Amazing physics hides behind numerous everyday things. felt for many years Hans Joachim Schlichting investigates these phenomena and explains them in his column to the readership of »Scientific Spectrum«. Schlichting is a professor of physics didactics and worked at the University of Münster until he retired.
If you take a closer look at the pieces of wood, you will discover that each individual hair sprouts out of a tiny opening in the material. One gets the impression that a liquid substance would be pushed through nozzles, similar to the production of spaghetti, and would immediately harden in the air. This notion is not entirely far-fetched because, according to relevant research, the holes are the exit openings of so-called wood rays. These are tiny channels that run radially through the vascular tissue from the middle to the bark and are used to transport water and nutrients in the living tree. The individual ice hairs are rooted at the mouths of the wood rays and have the same diameter as these. In addition, the ice always sprouts from the sections of deadwood that have been freed from the bark. Sometimes it even oozes out of the cracks between partially detached pieces of bark.
For a long time it was unknown how the frosty revival of the dead pieces of wood came about. Alfred Wegener (1880–1930), who later became famous for his hypothesis of continental drift, had already gained important insights in 1918. At first he thought that the hairy ice was one of the fungi that attack dead wood. After realizing that it was ice, he suspected that tree fungi played a key role in the formation of hairy ice.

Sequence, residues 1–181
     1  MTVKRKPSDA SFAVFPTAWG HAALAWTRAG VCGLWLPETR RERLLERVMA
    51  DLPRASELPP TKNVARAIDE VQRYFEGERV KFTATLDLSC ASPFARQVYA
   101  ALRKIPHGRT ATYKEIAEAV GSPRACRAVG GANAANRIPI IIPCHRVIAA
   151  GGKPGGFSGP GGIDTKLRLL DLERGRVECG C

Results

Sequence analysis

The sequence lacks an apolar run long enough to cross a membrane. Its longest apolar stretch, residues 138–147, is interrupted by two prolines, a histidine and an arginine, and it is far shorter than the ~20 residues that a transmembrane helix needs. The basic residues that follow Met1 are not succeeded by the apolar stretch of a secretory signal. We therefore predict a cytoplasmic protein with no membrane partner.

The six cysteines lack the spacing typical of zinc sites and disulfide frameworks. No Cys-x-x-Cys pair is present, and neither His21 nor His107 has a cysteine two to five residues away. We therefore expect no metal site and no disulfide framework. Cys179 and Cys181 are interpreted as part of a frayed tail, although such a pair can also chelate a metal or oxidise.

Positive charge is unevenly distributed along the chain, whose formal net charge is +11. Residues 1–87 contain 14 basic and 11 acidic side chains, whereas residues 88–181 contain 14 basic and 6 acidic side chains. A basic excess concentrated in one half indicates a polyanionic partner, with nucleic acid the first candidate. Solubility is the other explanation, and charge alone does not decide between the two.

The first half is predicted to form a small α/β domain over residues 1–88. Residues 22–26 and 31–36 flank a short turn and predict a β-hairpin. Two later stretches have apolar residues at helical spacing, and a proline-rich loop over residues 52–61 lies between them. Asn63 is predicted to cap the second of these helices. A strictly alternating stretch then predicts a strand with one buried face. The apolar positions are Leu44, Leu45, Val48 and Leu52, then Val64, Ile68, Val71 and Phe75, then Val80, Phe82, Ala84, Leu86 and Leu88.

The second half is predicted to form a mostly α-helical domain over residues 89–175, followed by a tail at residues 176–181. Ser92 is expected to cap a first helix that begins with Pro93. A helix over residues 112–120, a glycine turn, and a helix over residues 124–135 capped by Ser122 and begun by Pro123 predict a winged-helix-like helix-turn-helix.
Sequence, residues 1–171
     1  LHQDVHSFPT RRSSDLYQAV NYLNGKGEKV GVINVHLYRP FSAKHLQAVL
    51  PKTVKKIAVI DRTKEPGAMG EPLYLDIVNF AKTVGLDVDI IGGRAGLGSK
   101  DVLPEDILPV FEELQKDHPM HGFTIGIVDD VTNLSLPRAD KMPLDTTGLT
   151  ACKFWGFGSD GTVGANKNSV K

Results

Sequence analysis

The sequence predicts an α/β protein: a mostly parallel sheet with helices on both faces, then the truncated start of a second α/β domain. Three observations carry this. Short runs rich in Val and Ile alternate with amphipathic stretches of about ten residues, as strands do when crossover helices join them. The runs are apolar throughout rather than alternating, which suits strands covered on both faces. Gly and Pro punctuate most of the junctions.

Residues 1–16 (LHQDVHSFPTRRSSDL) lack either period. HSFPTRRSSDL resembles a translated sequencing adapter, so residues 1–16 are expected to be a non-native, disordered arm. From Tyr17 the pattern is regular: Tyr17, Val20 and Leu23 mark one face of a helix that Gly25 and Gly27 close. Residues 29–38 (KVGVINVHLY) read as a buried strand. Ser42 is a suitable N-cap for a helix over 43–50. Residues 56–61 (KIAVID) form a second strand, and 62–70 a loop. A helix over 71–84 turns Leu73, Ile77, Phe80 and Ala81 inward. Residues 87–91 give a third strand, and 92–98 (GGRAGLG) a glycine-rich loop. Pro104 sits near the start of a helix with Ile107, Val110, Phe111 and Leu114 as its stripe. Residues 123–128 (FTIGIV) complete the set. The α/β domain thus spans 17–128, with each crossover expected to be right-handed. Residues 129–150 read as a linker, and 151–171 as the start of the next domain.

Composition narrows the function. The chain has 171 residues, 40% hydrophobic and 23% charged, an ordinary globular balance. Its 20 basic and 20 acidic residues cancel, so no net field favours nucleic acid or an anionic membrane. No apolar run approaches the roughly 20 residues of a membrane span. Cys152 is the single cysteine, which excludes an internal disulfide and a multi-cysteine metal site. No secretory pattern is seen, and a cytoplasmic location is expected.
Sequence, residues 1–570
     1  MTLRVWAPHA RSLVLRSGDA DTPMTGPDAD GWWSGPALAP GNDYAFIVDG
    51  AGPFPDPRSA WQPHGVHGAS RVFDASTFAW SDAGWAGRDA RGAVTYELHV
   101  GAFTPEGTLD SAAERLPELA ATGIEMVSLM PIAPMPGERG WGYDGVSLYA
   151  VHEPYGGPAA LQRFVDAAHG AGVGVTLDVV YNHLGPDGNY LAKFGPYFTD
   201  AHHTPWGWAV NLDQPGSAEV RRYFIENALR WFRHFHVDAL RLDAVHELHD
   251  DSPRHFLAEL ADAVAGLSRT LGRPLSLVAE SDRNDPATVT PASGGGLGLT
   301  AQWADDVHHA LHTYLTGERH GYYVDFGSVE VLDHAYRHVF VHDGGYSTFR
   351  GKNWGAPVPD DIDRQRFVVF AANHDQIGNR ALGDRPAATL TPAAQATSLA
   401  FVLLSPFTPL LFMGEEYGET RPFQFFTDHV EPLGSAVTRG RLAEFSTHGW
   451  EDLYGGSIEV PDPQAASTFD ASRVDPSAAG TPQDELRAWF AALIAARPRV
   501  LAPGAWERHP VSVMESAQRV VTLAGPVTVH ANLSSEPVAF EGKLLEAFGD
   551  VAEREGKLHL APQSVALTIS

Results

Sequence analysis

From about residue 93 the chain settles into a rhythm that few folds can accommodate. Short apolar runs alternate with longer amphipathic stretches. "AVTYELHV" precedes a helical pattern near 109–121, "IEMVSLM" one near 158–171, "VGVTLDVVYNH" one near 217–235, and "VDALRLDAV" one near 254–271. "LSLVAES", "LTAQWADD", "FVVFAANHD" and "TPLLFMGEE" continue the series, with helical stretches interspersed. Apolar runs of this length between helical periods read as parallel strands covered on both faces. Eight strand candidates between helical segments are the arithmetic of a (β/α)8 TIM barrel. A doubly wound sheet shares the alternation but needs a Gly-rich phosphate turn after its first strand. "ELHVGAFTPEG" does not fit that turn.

Recent scientific research have shown the connection with fungi. If you treat pieces of wood that have been freed from ice, which under the right meteorological conditions are then clothed again in the crystalline wool, with heat, alcohol or fungicides, the effect is lost. In addition, melted hair ice is slightly brownish in color, which indicates organic residues. All the hairy branches were infested with a type of fungus typical of deciduous trees, the pink-tinged gelatinous crust (Exediopsis effusa).